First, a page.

KaBooM WritersKaBooM Writers

Welcome to the online presence of KaBooM, a writing group that has sustained the creative lives of a diverse group of women for over a decade. We hope that getting to know us will inspire you, too!Welcome to the online presence of KaBooM, a writing group that has sustained the creative lives of a diverse group of women for over a decade. We hope that getting to know us will inspire you, too!

Welcome to the online presence of KaBooM, a writing group that has sustained the creative lives of a diverse group of women for over a decade. We hope that getting to know us will inspire you, too!


The KaBooM Writers Notebook: Our Blog

Nooked

My husband gave me a Nook for Christmas.  Don’t get excited. Although it sounds like something naughty, the Nook is an electronic reader. Marketed by Barnes and Noble Booksellers, the Nook rivals Amazon’s Kindle, but the idea behind both products is the same…the user can hold an entire library in one hand.
The Nook is about 5″ by 8″, weighs a paltry 8oz., and holds 1500 books. I can now travel without the 60 lb. bag of reading material that I consider necessary for a trip of any length. My husband gave up arguing with me about the bag years ago although he almost convinced me by pointing out that I look more like the Hunchback of Notre Dame than the sophisticated traveler I aspire to be. Now I can tuck my Nook into my purse or carry-on bag and have hundreds of books available, including a dictionary and a copy of Bram Stoker’s Dracula, which came pre-loaded for some reason.
Besides the obvious advantage when traveling, the Nook proved invaluable this winter when ice and snow kept me trapped in my house for weeks. From the comfort of my chair pulled up next to the fire, I could browse an entire bookstore, read reviews, check out new releases and order any book that I wanted with the tap of a key. It was delivered to me in minutes with no driving involved and no haunting the mailbox.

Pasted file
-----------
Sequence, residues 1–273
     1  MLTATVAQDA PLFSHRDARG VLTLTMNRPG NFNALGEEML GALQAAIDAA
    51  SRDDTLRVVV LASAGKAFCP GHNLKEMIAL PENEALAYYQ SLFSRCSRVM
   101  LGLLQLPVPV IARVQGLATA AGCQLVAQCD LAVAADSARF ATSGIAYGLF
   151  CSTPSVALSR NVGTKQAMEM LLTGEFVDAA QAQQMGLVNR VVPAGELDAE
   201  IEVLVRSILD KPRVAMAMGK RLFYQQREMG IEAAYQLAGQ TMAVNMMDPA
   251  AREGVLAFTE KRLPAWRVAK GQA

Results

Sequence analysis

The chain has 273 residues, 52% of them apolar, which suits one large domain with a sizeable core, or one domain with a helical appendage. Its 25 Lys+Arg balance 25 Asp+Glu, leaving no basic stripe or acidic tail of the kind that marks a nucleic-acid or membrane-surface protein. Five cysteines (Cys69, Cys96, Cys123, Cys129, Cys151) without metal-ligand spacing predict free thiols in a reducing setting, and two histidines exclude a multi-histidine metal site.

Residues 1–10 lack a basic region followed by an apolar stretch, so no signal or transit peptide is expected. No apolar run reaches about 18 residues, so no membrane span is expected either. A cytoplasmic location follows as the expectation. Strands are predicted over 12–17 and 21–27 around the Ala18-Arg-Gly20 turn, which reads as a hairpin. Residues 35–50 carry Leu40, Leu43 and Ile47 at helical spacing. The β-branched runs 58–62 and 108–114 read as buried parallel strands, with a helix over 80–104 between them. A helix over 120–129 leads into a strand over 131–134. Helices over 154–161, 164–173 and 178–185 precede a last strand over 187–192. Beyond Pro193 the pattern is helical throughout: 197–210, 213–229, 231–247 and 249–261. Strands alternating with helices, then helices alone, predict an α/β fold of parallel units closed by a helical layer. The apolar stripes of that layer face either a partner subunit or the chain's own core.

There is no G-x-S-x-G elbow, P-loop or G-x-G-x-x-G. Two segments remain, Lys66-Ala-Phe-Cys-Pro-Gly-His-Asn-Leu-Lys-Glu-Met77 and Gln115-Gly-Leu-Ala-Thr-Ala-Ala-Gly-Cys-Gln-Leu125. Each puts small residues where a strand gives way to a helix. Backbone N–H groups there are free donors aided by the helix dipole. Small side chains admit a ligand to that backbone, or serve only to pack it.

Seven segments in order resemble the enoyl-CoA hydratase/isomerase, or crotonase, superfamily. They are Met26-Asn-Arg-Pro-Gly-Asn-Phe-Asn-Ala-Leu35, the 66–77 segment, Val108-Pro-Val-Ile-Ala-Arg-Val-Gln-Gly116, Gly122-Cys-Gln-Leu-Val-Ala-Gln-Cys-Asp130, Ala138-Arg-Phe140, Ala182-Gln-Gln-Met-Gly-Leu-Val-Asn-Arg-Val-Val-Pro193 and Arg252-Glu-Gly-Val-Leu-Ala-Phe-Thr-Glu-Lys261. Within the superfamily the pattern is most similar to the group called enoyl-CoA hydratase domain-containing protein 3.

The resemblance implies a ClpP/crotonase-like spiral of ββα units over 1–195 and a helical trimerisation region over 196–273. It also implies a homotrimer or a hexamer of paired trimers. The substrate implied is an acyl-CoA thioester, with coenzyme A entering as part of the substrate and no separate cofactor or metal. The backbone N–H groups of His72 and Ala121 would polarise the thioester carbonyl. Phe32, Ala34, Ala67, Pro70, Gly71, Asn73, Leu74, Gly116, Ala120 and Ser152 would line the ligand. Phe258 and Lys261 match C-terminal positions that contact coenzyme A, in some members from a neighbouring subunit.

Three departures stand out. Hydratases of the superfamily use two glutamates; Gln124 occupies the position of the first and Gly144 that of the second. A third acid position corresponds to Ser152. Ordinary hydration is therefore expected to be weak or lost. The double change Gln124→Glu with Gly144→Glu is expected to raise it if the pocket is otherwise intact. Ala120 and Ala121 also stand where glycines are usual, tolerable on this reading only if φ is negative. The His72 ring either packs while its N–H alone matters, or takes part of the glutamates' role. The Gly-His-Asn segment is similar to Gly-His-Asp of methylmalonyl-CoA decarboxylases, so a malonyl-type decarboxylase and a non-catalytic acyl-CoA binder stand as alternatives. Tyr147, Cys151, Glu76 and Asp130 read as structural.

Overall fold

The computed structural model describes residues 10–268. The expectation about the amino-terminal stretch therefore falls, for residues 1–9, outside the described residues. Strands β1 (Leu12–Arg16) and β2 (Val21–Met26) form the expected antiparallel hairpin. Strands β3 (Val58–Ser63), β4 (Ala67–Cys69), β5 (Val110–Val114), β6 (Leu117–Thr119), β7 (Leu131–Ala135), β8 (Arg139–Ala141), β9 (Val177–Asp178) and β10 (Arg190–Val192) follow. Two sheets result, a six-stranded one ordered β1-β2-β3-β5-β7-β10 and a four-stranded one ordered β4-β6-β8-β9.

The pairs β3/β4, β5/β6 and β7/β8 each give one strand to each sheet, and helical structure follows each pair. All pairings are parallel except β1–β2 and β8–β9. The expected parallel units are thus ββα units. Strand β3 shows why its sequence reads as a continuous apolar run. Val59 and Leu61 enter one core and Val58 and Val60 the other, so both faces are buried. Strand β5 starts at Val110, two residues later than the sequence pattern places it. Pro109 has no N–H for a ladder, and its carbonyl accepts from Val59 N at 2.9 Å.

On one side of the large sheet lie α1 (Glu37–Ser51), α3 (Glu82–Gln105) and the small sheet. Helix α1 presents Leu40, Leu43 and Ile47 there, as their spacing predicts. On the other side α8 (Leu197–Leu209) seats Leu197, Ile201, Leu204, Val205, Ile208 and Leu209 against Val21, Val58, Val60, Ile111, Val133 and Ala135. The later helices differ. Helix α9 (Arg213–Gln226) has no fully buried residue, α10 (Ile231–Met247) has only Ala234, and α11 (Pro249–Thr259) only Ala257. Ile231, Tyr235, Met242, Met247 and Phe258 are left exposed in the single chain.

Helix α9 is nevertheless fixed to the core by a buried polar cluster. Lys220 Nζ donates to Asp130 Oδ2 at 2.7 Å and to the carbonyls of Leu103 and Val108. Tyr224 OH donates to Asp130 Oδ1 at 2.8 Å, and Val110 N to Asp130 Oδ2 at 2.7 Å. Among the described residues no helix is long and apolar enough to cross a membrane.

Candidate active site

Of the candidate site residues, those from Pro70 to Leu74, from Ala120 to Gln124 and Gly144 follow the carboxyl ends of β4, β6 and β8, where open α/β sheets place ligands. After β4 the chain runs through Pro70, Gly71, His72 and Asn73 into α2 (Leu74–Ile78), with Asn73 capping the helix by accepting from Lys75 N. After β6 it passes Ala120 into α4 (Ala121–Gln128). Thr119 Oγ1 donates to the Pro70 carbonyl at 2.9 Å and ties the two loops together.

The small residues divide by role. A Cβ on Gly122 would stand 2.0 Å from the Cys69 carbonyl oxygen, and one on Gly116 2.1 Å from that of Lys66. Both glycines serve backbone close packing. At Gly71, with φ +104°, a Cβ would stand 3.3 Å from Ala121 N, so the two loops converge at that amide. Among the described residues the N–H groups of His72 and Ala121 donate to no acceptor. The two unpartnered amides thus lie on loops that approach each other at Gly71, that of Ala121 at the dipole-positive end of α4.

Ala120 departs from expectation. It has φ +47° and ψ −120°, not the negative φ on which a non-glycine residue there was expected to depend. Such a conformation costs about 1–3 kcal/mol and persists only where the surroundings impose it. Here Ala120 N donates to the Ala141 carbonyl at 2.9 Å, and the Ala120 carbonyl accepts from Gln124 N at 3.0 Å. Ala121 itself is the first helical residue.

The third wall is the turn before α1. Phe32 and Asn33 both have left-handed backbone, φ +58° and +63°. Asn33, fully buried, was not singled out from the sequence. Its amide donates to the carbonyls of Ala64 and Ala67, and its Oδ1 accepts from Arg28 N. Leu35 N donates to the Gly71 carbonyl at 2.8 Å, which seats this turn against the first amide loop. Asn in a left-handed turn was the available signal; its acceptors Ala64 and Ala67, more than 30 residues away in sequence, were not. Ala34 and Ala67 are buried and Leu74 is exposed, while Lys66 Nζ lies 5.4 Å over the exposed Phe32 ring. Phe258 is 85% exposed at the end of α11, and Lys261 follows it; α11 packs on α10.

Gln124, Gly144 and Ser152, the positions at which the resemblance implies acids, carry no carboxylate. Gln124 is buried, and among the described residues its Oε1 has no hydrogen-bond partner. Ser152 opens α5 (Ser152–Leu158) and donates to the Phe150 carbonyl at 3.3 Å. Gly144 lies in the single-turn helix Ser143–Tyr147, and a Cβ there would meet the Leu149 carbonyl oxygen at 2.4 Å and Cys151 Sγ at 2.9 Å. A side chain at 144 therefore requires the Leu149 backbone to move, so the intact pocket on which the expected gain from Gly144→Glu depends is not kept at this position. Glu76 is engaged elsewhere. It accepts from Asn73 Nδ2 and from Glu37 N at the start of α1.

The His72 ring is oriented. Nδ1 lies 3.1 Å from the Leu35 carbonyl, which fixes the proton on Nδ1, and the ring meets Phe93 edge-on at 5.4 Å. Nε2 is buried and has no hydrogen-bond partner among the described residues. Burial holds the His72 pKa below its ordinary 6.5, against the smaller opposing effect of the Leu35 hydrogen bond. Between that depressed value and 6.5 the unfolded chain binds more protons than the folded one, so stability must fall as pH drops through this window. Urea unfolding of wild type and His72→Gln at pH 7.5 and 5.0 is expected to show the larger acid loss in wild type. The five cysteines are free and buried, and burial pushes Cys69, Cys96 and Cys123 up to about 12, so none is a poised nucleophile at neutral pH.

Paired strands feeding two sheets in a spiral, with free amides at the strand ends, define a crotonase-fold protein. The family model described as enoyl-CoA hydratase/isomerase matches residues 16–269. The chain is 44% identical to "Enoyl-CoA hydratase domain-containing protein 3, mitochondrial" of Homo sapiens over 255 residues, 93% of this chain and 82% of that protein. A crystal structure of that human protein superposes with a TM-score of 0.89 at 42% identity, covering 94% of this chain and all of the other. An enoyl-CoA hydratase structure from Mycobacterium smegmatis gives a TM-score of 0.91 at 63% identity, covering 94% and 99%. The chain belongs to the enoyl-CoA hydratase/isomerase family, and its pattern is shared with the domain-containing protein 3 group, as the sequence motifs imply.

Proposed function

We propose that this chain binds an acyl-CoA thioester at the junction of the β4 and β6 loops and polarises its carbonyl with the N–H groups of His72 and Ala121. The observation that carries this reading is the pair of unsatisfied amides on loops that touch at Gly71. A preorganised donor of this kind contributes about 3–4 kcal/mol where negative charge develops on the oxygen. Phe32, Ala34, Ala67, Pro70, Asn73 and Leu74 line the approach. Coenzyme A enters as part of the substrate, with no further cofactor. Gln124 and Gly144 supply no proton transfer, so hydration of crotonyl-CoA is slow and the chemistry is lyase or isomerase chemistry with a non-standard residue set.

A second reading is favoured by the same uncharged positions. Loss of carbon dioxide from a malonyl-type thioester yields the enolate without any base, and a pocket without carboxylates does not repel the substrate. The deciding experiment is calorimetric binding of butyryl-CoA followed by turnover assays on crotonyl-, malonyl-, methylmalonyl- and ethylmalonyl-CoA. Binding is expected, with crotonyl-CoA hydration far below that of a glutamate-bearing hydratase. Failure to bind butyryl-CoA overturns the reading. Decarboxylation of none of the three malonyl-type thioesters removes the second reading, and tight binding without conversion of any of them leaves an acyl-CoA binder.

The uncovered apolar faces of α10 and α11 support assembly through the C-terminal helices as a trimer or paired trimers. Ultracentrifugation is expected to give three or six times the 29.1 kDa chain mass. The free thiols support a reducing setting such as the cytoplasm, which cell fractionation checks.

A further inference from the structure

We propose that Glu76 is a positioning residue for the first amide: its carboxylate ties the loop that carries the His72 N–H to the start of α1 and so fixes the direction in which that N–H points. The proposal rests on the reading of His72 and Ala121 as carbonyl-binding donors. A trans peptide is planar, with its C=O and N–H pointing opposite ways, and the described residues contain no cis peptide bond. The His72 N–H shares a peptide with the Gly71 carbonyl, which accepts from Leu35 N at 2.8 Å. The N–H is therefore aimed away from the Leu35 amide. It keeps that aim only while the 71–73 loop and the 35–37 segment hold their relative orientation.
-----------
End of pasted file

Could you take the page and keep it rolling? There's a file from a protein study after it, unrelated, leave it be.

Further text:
Sound too good to be true? There are drawbacks, of course. The Nook doesn’t offer the feel of the traditional book, the scent of fresh ink, the quiet joy of turning the page. The Nook doesn’t curl up in your hand. However, let’s face it. Not all books are archival material. The thought of forests felled to print the latest thriller or romance novel is disturbing.
Another drawback is the price.  Although the books are cheaper, the reader itself is costly. At roughly 250 dollars, it’s a lot to spend for something that can be scratched or broken. Fall asleep in the bathtub, drop the Nook, and neither one of you will ever be the same.
Still, the Nook has a place in the literary world. It’s convenient, conducive to instant gratification, portable, and green! The trend in electronics has been a steady reduction in price as popularity rises, so the Nook will be less pricy in the future. Just don’t fall asleep while reading in the tub.
Comments (1) — Categorized under: Mary Alexander,Uncategorized

One response to “Nooked”

  1. Lisa MacQueen says:

    Not only is the convenience a benefit, so is the ability to lay the Nook across our palms. Those of us with arthritis in our thumbs know the agony of a marathon reading session and realizing we can’t move our thumbs when finished! I’ll have to get one.

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